Bamboo culm shoots provide food for humans and wildlife and are the basis for vegetative recruitment by bamboo genets, a potential three-way competition with implications for sustainability. The fate of 605 culm shoots from three wild stands of Bambusa arnhemica F.Muell., a riparian bamboo from northern Australia, were identified. Shoots emerged over a four to five month period, but shoots that emerged in the first month were rarely successful. Recruitment rates were similar at about 38% in an unmanaged and a protected stand, with losses due to harvesters and animals four times higher at the former and losses due to culms rotting almost three times higher at the latter. Harvesters and feral animals preferentially removed shoots close to or beyond the periphery of clumps. It is proposed that culm rot is not pathogenic but rather a compensation mechanism in which shoots in excess of recruitment potential are produced, held in abeyance and nutrients withdrawn from them if they are not needed as replacements. If correct, this offers potential for sustainability in the harvest of shoots from unmanaged wild bamboo stands, but issues relating to clump expansion and culm size remain to be addressed. � 2008 by The Haworth Press, Inc. All rights reserved.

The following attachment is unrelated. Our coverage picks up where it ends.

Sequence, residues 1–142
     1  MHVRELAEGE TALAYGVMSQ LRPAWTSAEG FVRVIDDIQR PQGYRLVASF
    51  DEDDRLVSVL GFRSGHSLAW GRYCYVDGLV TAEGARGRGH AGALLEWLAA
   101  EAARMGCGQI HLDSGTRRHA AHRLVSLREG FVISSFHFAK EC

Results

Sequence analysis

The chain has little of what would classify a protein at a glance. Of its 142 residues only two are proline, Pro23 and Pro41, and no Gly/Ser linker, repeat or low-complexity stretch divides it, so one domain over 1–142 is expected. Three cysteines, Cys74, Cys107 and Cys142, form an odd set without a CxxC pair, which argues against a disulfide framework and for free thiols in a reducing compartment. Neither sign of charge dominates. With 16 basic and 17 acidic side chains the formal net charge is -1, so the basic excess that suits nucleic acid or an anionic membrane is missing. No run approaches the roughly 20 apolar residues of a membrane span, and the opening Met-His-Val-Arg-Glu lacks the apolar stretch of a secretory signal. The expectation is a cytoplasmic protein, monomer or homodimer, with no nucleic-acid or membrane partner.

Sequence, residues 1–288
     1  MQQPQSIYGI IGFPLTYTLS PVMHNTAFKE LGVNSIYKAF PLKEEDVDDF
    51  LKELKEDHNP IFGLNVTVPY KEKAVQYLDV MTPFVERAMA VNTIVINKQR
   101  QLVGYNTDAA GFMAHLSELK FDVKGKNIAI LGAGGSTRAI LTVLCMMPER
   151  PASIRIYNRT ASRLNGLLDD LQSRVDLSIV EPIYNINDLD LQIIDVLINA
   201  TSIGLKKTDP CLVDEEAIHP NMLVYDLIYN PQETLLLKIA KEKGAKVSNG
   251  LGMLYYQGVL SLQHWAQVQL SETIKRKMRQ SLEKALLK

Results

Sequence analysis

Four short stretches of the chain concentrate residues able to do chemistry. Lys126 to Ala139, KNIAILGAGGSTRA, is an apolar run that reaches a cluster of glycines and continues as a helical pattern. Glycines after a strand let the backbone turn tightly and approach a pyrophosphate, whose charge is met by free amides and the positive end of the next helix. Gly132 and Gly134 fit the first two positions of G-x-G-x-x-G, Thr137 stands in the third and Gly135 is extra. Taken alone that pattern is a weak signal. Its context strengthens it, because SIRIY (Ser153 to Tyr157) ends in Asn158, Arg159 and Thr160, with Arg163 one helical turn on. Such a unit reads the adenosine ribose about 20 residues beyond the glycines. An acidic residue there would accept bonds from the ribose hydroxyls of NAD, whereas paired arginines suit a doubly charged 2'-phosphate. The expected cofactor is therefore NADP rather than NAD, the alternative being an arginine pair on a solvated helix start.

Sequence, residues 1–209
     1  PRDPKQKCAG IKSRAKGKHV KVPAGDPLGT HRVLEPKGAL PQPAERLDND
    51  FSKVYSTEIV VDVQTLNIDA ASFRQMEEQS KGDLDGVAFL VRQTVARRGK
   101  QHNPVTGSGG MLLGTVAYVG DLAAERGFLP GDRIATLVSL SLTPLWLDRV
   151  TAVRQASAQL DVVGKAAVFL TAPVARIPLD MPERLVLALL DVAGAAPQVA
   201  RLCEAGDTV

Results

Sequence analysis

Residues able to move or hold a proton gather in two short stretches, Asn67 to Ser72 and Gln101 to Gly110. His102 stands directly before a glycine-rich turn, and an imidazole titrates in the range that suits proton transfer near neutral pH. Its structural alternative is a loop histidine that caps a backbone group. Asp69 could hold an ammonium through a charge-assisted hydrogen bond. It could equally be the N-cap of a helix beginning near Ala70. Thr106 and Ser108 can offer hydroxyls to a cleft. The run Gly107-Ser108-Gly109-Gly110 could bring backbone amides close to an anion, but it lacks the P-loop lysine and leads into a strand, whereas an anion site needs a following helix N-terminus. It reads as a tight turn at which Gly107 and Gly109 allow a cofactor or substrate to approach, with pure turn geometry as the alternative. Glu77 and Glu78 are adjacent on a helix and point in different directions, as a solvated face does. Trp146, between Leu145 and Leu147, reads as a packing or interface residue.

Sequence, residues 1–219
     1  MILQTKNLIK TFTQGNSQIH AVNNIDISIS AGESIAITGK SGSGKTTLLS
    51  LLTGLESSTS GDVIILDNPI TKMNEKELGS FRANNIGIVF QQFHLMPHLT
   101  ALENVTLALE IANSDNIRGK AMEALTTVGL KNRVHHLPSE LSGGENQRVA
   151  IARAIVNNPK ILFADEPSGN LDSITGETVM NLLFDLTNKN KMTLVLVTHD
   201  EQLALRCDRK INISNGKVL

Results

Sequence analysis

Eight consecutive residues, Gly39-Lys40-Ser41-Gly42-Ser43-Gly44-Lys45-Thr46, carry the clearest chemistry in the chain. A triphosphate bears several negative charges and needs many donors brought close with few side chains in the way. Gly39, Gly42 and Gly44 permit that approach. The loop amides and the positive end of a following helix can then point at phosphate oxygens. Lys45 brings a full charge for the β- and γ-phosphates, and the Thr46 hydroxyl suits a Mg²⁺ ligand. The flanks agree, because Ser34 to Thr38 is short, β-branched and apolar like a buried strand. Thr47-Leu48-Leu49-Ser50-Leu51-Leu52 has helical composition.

|Number of pages||15|
|Journal||Journal of Sustainable Forestry|
|Publication status||Published - 2008|